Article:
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If you’ve been considering focusing your marketing efforts on a new customer base that you haven’t targeted before, the LGBTQ community might make a good choice.
Putting your brand in front of new audiences is an essential part of expanding your customer base.
Nielsen research reports that LGBTQ households, in general, outspend non-LGBTQ households by about 7 percent, and members go out on shopping trips 10 percent more often.
A different study notes that people who identify as LGBTQ in the US are responsible for nearly $1 trillion of consumer spending each year.
Aiming your business at the LGBTQ community would make business sense. How do you do it?
Is it a Fit?
First, make sure that the LGBTQ market is a fit for your targeted marketing. Of course all businesses should and will serve the community in general. And real estate agents work with everybody regardless of race, age, familial status, and sexual orientation.
The first question that you need to ask yourself, heading into LGBTQ marketing, is if it’s a good choice for your particular business.
You might consider how large the LGBTQ community is in the area that your company serves. If there are many, demonstrating your support for the community will likely bring you a competitive advantage.
However, it’s essential to understand that for your support to bring you a competitive advantage; it needs to come from an authentic place — from a genuine appreciation of the community and a desire to serve them.
You need to ask yourself if you and other business members do feel a decent level of comfort with the LGBTQ lifestyle.
If your comfort level isn’t very healthy, and you aren’t personally very comfortable with the idea of aiming the business at the LGBTQ market, it would be better to address the discomfort first before you consider expressing support for the community.
It’ll make a difference in the way your efforts bring in more business.
Take a close look at your company’s internal policies.
The LGBTQ community, in general, tends to be keen to support businesses that demonstrate values that align with theirs.
Your company’s internal policies need to align with the marketing messages you may put out there.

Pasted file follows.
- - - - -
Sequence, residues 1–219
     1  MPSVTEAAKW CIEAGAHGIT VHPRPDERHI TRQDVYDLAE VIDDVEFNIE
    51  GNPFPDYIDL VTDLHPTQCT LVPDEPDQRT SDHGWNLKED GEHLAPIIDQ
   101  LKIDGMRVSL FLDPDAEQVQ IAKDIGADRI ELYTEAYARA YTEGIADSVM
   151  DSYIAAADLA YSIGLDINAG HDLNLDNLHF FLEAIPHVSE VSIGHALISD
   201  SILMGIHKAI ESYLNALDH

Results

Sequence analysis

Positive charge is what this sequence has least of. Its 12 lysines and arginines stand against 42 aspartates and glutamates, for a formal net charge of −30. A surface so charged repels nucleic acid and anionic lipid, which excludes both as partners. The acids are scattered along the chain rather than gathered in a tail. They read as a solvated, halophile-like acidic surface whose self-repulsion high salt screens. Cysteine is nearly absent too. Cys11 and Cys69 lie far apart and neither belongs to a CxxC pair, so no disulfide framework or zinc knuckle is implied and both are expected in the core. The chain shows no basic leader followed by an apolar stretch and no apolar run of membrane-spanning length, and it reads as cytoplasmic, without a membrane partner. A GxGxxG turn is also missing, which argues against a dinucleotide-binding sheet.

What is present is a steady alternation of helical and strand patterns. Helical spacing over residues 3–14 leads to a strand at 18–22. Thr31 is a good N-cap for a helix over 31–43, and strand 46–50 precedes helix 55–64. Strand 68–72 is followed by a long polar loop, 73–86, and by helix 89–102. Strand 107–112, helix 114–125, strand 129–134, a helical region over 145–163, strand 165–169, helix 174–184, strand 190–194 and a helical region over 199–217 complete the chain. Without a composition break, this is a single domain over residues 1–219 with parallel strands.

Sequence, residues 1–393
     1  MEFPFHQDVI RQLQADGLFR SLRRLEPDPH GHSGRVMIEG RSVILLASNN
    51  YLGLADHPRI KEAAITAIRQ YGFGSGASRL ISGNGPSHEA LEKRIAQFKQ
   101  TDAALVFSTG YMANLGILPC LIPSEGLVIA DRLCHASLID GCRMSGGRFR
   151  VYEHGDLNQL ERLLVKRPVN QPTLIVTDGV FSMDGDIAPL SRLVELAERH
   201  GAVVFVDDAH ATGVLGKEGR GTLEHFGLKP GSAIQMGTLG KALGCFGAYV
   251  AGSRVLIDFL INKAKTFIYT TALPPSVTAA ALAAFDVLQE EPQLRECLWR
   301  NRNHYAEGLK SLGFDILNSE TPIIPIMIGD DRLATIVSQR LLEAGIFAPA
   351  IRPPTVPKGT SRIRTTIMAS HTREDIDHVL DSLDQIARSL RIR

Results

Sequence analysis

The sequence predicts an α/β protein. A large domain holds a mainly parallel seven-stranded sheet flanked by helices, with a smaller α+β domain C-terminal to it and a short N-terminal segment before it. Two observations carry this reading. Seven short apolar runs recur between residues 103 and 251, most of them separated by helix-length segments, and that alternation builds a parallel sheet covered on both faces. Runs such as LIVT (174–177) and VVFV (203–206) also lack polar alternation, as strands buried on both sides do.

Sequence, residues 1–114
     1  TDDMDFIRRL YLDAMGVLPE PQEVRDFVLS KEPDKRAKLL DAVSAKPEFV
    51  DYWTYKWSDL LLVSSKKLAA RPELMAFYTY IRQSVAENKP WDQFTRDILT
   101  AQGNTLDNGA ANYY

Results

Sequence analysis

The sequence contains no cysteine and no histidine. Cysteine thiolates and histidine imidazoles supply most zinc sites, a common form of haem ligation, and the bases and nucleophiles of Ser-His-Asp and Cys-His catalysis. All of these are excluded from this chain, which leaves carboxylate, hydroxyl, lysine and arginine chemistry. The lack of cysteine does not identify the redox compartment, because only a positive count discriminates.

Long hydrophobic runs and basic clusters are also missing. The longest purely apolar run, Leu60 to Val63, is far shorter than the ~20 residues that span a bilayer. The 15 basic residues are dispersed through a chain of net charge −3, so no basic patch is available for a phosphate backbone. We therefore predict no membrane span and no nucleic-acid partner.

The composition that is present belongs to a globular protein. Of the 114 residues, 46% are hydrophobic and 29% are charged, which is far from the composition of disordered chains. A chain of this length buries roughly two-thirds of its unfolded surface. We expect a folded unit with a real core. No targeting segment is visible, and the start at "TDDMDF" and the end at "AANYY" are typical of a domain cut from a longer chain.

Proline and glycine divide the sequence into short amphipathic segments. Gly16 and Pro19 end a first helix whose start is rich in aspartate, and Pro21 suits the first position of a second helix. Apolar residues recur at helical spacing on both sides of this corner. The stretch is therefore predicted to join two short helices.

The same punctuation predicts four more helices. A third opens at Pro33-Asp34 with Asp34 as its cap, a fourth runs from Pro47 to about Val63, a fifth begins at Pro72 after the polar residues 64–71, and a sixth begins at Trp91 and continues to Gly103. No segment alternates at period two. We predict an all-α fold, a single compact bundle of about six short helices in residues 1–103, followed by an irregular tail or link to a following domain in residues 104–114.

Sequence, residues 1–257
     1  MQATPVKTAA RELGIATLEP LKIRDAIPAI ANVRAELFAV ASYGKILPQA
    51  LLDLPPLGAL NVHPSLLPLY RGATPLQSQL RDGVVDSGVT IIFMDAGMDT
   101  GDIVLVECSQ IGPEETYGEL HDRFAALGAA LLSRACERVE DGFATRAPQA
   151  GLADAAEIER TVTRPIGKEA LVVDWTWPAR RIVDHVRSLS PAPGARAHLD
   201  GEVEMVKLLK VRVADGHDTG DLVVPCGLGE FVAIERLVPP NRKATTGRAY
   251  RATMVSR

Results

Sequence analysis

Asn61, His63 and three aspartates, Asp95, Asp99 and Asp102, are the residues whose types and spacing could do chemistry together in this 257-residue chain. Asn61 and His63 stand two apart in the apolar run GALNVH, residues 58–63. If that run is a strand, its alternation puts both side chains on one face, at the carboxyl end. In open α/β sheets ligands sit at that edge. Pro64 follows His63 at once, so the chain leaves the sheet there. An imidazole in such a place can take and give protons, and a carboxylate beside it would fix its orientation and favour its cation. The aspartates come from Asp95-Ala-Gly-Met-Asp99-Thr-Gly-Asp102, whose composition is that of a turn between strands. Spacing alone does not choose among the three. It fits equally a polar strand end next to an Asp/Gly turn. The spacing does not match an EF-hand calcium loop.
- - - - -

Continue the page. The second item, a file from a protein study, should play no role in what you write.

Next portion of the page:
Before you focus your marketing on members of the LGBTQ community, you need to make sure that you have an equal-opportunity employment and advancement policy at your company.
Many people in the LGBTQ community consult the Human Rights Campaign Corporate Equality Index findings when making decisions about where to spend their money.
While it only lists large corporations, it can help look at the criteria that the Index considers to rank companies.
These criteria can help you understand how to get your business in line with the community’s values that you wish to market to.
For instance, you might notice that Subaru and the retailer Target have successfully courted the community by extending benefits to partners of all LGBTQ employees.
This observation might motivate you to do the same at your company.
Understand that the LGBTQ community isn’t homogeneous.
You wouldn’t think of all people over the age of 30 as parents of children: you would know that different individuals make different choices about having children.
The over-30 group isn’t monolithic.
Similarly, it wouldn’t be right to see the entire LGBTQ community as a homogeneous unit. Members of the community are individuals with different preferences, tastes, and opinions, just as any other group members are.
Even once you do decide to target the LGBTQ community with your marketing, you need to do further research to make sure that you target the people with the right qualities for your product — age, marital status, interests, and so on.
Work together with charitable organizations.
If you aren’t adequately familiar with the LGBTQ community and feel unsure about proceeding with marketing to them, it could be a good idea to partner with a well-recognized LGBTQ group or organization in your area.
Planning your activities with philanthropic intent can help, as well.
For instance, you may get your business to contribute to a college scholarship in your city or volunteer its personnel to local Pride events.
Make sure that your Pride appearances aren’t the only times that the LGBTQ community sees you.
Many businesses new to LGBTQ marketing make the mistake of only engaging with the community through Pride Month by participating in a few events.
They invest in a little advertising, get a booth at an event, and so on, but once Pride Month ends in June, they don’t think about marketing to the LGBTQ community anymore until the following year.
A business’s reach into the LGBTQ community is likely to be limited if it only engages with it over a couple of events.
Instead, your marketing efforts should begin with Pride Month and maintain momentum with an overall, year-round LGBTQ strategy with multiple touchpoints.
Aiming your business at the LGBTQ community may be the right thing to do, but it also makes sound business sense.
The LGBTQ community boasts high-income levels, and informed spending behaviors.
Members of the community don’t like to spend with businesses that hurt their cause. Making sure that your business is on the right side is only the logical thing to do.